Reform Baptist food pantry closes due to lack of support

— After five years of helping families in need put food on the table, the Reform Baptist Church has closed the doors on its food pantry for good.

Due to dwindling donations and a lack of resources, pantry organizers were forced to give up the venture.

"We just got down to rock bottom, and just couldn't go on anymore," said pantry organizer Maxine Thomas. "It had worked really well until lately. Our church membership decreased, and so did support for the food pantry."

"With the economy like it is, we just weren't getting enought support, and we spent all the money we had," agreed Rose Haymart. "At first the church people brought donations, and other churches helped out, but then it got so the church wasn't helping as much -- there wasn't as much interest.

"We've been doing this for several months; we'd think we'd be closing and then more money would come in, one time the Boy Scouts in Mokane brought a bunch of food," she continued. "We kept holding on as long as we still had money."

Haymart and Thomas said the pantry, which was open to area families in need of assistance once a month, was started at the urging of pastor Rick Conley.

"We were doing the Bible study Forty Days of Purpose and the last chapter called for you to take up a project," Haymart said. "We thought this was something good we could do for the community."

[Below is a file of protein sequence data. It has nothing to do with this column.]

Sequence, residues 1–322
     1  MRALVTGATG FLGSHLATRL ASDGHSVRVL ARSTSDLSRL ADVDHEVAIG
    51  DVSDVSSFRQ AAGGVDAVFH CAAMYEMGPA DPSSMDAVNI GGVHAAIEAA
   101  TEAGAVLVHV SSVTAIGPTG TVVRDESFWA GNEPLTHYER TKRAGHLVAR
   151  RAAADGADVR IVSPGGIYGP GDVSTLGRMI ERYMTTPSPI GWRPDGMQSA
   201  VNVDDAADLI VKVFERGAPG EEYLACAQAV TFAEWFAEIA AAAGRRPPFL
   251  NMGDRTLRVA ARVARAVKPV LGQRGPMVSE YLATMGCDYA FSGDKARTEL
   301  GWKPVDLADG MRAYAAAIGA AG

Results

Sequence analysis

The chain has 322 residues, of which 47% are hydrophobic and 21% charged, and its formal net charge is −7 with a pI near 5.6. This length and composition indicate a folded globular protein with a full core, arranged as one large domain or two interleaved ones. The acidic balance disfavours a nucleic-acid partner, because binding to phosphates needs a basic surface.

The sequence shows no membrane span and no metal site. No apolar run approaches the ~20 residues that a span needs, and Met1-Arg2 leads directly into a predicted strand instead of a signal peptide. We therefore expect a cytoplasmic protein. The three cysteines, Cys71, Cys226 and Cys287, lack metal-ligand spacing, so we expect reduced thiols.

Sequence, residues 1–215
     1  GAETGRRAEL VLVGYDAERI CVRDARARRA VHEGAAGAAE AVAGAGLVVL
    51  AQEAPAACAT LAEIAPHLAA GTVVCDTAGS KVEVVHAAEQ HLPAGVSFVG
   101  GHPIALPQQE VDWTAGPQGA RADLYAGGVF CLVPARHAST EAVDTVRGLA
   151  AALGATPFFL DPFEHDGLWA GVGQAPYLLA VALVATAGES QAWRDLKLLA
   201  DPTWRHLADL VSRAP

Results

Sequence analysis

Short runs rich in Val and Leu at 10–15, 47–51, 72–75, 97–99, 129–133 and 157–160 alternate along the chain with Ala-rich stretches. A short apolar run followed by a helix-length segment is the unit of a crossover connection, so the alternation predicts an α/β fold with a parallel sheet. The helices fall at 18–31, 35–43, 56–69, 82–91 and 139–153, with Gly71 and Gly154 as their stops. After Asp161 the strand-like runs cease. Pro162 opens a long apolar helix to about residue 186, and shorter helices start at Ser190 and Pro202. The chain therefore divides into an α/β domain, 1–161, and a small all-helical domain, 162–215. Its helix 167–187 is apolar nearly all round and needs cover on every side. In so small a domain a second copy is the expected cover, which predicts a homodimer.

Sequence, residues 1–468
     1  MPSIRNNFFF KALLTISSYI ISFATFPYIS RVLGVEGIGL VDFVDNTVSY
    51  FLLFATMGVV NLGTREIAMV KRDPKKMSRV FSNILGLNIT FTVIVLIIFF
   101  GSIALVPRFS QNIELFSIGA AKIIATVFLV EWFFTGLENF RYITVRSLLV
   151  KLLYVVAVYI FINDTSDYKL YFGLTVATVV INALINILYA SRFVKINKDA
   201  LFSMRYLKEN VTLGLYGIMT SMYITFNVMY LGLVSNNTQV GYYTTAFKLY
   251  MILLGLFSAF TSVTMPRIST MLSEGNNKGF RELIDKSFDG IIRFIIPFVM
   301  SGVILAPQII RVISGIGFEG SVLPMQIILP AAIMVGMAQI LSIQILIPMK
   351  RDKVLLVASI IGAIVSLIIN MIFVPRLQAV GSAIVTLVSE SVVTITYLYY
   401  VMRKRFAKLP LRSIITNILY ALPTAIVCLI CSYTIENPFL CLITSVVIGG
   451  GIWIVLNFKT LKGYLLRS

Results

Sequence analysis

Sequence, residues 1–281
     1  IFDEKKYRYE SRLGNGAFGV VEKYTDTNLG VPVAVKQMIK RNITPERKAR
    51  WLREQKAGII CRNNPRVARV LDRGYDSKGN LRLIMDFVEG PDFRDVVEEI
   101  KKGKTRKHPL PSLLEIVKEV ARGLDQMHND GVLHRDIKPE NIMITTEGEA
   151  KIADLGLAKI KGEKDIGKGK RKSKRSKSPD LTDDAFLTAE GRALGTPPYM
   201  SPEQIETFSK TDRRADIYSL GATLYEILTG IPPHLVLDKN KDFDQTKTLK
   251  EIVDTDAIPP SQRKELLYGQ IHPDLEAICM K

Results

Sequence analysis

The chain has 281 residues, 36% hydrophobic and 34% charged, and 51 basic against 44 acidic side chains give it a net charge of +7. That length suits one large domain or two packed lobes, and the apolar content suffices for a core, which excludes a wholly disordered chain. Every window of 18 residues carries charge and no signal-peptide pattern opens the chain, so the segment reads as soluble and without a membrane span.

Shesaid the pantry helped anywhere from eight to 15 -- and one time 20 -- families each month. Although they said they believed some of those families also were getting assistance from SERVE, they were not certain.

"We don't really know because we weren't really strict (with paperwork)," Haymart said. "We just had it open to the people that needed it."

She said those people were her favorite part of running the food pantry.

"We got to know them from month to month," Haymart said.

Thomas said she too will miss "just knowing you're helping people." She said if further resources can be built up, she definitely would consider re-opening the pantry in the future.

"We'd like to, although most of the ones that worked in the food pantry are older," Thomas said. "If we could get donations, we might try it again."

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